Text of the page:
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Poland government joins suit against Russia for 1940 Katyn massacre

[JURIST] The Polish government joined [Rzeczpospolita report, in Polish] a class-action on lawsuit Wednesday brought against Russia for the 1940 Katyn Massacre [Brittanica backgrounder; JURIST news archive] where 20,000 Poles were killed by the USSR. The suit [complaint], filed in May in the European Court of Human Rights (ECHR) [official website] is being brought by 13 Polish citizens who are relatives of the victims. They allege that the Russian government failed to provide adequate investigations into the incident and did not grant the relatives victim status. The complaint states:

[T]hey were denied an effective remedy which would have been able to reveal the true circumstances, in which their relatives had been killed. They pointed out that the above-mentioned deficiencies of the criminal investigation undermined the efficiency of other remedies, as the success of civil-law measures was made dependent on the result of criminal investigation.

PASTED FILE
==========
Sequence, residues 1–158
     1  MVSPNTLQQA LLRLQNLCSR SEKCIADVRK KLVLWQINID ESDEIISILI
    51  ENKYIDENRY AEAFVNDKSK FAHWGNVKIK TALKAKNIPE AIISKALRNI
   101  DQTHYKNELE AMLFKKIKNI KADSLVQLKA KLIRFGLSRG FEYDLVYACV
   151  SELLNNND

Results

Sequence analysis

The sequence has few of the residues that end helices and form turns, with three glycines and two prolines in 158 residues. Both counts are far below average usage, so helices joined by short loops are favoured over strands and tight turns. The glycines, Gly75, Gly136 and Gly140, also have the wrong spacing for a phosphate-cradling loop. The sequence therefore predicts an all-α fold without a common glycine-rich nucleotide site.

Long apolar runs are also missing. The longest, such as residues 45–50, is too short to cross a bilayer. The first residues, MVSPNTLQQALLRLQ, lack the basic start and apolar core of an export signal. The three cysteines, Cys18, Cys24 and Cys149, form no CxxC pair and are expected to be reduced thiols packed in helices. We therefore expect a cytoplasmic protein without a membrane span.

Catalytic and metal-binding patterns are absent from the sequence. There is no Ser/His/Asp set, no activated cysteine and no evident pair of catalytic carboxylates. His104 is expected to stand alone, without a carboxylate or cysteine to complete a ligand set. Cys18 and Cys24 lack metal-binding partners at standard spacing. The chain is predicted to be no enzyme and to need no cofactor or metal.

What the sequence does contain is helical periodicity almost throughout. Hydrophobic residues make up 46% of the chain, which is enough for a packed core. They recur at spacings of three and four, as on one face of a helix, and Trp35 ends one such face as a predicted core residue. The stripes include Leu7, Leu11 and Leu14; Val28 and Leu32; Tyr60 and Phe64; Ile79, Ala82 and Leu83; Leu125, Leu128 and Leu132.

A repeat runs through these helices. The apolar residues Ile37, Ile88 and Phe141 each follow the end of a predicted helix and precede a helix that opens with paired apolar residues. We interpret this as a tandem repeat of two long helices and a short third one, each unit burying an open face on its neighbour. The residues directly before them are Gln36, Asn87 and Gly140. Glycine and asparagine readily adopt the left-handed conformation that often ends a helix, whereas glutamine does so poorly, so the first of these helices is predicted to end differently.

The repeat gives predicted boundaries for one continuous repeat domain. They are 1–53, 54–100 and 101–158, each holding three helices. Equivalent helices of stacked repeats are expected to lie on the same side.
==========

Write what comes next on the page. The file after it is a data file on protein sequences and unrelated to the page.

The Polish government joining the suit gives it more legitimacy and enables the government to submit proposals to the court. Russia has until March 19 to respond to the allegations.

This is not the first attempt by the relatives of the Katyn massacre victims to seek a remedy. In January 2009, they were denied an appeal [JURIST report] to the Supreme Court of the Russian Federation [official website, in Russian] to reopen investigations into the killings. The court reasoned that the Soviet-era criminal code to be applied to the killings places a 10-year statute of limitations on the proceedings. A decade-long official inquiry into the killing of 20,000 Poles during the 1939 annexation of Poland was closed in 2004 due to a lack of living potential defendants and expiration of the statute of limitations. In 1990, the government of Mikhail Gorbachev [Guardian profile] admitted that Soviet leader Josef Stalin [BBC backgrounder] had personally ordered [documents, in Russian] the killings.

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